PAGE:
This industry of ours does not just lend itself to creativity and innovation – it craves it. This is our very lifeblood and it’s what makes digital the most fast paced, innovative and ultimately lucrative side of the advertising industry.
But when looking for creativity and innovation far too often we’ve been guilty of looking to one another, what are our competitors doing – how could we do it better? That’s great – let’s put a clock on it.
That’s all set to change though thanks to Turn.
You and I may know Turn; their innovative end-to-end management platform and targeting technology are real viable alternatives to Google’s array of products in the ad tech sector.
Turn already enjoy a huge footprint in the US and are expanding across Europe – but you speak to your average media buyer and they couldn’t relay this information back to you, let alone tell you the key players in the ad tech marketplace.
Paul Alfieri, Turn Vice President, Global Marketing stated: “Turn delivers real-time data insights and amazing campaign performance for advertisers, but historically our sector as a whole has struggled to make itself understood by the wider business community.“
So, Turn have shelled out an estimated $500,000 on an incredibly daring and innovative campaign featuring a primetime TV spot during the season finale of Mad Men (airing in the US on June 10) to tell the story of how advertising has changed since Don Draper’s heyday.
“The Moment of Decision,” shot by veteran HBO “True Blood” and “Bored to Death” director Michael Lehmann makes cloud marketing platform Turn the first global B2B company of its kind to advertise in mainstream primetime broadcast media.
You can’t fail to enjoy the double dose of irony here, a targeting ad platform using a mainstream scatter gun approach such as prime time television as well as an advertising company advertising on a show about… Well, um, er…advertising.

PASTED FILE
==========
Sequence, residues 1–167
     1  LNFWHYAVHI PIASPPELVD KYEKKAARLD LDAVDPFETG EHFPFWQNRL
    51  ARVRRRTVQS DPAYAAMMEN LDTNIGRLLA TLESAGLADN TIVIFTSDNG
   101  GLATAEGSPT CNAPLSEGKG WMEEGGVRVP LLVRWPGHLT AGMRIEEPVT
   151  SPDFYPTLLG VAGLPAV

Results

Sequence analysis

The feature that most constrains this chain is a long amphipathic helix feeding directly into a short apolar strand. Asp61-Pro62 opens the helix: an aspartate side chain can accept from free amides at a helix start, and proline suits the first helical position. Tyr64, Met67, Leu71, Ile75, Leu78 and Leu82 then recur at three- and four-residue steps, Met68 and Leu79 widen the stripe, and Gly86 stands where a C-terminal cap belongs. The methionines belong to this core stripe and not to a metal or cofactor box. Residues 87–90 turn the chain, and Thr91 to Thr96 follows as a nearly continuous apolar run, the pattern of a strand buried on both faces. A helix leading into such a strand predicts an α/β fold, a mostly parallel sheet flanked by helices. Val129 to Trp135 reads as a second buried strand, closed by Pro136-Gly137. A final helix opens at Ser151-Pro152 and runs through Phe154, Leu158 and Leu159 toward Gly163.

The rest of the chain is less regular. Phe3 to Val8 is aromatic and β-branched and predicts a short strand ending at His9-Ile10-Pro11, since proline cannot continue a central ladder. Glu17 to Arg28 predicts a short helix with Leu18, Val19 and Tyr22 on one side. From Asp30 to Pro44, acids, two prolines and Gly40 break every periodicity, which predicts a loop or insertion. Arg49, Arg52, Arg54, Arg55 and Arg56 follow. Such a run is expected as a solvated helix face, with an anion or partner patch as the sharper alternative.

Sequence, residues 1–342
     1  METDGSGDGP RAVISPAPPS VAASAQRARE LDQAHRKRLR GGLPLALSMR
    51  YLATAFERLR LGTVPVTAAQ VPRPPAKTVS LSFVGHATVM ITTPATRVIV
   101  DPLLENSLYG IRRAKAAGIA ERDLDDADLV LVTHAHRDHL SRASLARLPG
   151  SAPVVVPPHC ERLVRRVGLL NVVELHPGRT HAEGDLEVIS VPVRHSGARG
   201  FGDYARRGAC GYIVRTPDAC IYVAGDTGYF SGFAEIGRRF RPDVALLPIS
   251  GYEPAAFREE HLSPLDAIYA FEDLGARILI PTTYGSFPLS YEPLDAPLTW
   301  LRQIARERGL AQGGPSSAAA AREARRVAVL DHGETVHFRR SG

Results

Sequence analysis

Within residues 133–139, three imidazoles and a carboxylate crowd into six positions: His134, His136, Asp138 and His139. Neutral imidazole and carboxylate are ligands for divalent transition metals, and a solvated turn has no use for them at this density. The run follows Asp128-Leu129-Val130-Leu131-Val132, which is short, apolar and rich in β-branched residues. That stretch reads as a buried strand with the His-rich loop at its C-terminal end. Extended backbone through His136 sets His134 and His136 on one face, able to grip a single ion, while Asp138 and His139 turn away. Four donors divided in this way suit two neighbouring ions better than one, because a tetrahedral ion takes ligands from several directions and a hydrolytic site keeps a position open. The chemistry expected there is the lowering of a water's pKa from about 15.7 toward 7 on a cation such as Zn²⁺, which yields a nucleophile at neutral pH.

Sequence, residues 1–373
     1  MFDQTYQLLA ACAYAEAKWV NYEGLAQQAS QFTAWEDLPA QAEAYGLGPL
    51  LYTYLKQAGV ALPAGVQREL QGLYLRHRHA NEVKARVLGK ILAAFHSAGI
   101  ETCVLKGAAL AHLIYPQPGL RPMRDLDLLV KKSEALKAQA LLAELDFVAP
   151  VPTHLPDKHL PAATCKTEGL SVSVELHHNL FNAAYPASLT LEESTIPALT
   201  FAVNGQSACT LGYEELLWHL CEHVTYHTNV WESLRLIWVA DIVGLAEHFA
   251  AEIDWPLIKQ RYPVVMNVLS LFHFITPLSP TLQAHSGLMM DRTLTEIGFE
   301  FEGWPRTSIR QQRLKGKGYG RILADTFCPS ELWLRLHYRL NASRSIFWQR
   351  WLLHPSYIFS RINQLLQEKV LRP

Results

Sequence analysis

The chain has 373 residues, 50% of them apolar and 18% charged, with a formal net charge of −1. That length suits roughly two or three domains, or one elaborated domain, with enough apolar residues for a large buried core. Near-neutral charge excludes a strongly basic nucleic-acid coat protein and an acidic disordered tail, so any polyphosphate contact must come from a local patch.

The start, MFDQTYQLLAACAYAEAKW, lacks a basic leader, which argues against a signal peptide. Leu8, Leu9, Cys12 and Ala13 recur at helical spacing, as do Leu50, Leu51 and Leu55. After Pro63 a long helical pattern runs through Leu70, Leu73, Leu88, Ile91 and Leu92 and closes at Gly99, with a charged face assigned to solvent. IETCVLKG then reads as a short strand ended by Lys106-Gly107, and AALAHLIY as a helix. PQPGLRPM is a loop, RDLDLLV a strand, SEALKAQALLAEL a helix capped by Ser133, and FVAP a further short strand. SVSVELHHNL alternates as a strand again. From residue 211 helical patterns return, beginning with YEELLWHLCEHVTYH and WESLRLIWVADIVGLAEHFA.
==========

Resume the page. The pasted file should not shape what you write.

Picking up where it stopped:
But, it’s these very talking points that make this an innovative and fresh campaign, well that – and the ad itself.
Set in the offices of a 1960s Madison Avenue agency, the ad features an impeccably groomed ad exec about to begin a tryst with a shapely young female from the secretarial pool when another woman walks in.
The sense that this might be a preview for Mad Men’s upcoming season is broken only when a gun is fired and the scene shifts to super slow motion with a voice-over likening the “10 milliseconds” required for the bullet to traverse the room to the speed of Turn’s digital advertising platform.
Viewers will then be directed to a microsite to find out what happened at the end of the ad and of course find out more about Turn themselves.
Will this be the game changer? What results to Turn expect from this campaign? Is this purely branding?
If nothing else, as I mentioned before this industry of ours is based on innovation and creativity and why should that be limited only to our technology? We harp on about the need for good creative and here’s a fantastic example of it. Well done Turn – we’re all waiting on the results and of course… what’s next?
Pondering the future of TV and digital video? OPS TV will bring digital advertising leaders and ops professionals together to discuss the intersection of digital video and TV advertising. Register today for OPS TV, which will be held July 11, 2012, in New York.